Written by: Adaline Thompson, Akhil Baker, Andres Bass, Ava Zhou, Callie Conkle, Dominica Bruni, Elena Ariston Montoya, Emily Scull, Emma Murray, Jordan Schrenk, Joshua Mazari, Lea Farah, Nico Ziegler, and Samuel Geetan
This trip to the Galápagos brought us significantly closer to the conservation efforts on the Islands, and across the globe. ECOS opened our eyes to all the wonderful initiatives being led by young people like us. On this trip, we became deeply aware of the impact the Houston Zoo has on conservation efforts in the Galápagos. All the support we give in Houston allows for amazing programs like ECOS to continue to protect the endemic species of the Galápagos. We are all so excited to share all of the knowledge we acquired on this trip with guests and other Zoo Crew.
We started the trip by camping in the lush highlands where we participated in giant tortoise monitoring. We were able to help the national park rangers by collecting data about the tortoises, and we were lucky enough to find four new tortoises for the park to monitor.
We also had breakout sessions where we broke into small groups and learned about conservation topics, which we taught to each other in funny skits. We all had a lot of fun presenting the information in memorable ways.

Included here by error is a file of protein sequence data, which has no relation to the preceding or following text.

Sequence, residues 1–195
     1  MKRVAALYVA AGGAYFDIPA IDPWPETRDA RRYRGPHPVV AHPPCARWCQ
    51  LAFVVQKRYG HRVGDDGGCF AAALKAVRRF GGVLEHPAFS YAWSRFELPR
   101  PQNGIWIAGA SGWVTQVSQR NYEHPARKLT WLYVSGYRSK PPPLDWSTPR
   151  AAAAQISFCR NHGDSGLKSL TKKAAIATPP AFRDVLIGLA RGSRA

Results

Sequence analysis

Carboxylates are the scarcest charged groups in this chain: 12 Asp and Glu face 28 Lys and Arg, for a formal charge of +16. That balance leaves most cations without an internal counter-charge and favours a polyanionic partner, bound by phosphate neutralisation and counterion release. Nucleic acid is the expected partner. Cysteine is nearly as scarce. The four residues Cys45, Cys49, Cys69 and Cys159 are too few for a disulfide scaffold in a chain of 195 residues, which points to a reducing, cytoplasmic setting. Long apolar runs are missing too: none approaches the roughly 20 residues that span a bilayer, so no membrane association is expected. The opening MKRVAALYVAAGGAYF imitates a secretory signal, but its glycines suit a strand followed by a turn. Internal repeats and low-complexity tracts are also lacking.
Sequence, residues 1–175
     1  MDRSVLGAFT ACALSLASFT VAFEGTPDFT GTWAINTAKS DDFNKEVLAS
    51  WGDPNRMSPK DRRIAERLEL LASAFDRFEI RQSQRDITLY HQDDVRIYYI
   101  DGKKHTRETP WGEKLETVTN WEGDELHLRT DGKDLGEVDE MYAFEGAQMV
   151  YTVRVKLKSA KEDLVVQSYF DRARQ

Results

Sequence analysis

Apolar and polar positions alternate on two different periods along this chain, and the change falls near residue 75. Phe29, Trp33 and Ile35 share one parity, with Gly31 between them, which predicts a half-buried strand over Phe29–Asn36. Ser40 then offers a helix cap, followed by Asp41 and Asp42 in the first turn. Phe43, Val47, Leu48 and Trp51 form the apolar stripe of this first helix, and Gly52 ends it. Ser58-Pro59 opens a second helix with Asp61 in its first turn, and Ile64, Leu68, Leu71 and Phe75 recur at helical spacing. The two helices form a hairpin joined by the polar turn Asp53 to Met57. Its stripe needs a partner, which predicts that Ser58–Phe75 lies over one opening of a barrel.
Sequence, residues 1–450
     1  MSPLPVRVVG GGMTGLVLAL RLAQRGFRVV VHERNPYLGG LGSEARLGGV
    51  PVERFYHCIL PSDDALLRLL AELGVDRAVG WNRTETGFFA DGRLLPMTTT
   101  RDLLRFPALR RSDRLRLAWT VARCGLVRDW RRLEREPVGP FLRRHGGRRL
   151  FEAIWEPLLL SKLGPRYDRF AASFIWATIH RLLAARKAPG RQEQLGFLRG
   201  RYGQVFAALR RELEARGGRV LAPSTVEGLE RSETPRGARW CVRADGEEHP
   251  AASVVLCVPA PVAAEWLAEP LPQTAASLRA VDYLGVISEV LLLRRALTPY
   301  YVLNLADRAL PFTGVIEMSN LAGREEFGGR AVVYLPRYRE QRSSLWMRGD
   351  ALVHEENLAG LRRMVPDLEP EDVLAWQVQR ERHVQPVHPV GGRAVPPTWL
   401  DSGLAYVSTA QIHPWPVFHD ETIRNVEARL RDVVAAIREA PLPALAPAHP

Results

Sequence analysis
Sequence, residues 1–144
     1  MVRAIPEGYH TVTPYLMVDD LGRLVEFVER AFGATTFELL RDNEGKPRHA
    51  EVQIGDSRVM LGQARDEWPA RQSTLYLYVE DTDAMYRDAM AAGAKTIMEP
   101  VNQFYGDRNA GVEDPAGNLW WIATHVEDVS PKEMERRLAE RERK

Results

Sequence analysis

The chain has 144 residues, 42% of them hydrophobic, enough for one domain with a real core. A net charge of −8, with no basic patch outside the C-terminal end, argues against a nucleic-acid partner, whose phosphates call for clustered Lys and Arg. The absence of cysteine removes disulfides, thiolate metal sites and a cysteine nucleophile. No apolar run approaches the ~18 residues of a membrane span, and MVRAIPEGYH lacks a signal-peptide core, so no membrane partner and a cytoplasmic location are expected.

After two days in the highlands, we packed up and took the bus to Puerto Ayora. There, we took the long hike down to Tortuga Bay. Some of the Molas club members met us there to teach us how they do microplastic surveys. In 4 groups, we each sifted through a square foot of sand to find all of the pieces buried within.
We found hundreds of plastic fragments, nurdles (raw plastic), fibers, and other trash. We learned about accumulation beaches and how foreign trash travels through the Earth’s shared ocean to pile along the beautiful shores of the Galápagos Islands. Through these lessons, we now have first-hand experience at what single use plastics and over-consumption can do to our environments. Later on, we went to the Charles Darwin Research Center to meet with a few members of the Molas and Tibu eco-clubs and did a scavenger hunt with them. Afterwards, each group (Molas, Tibus, and Zoo Crew) shared and explained their conservation efforts, allowing us to see how we all have a common goal of preserving nature and wildlife despite living so far away.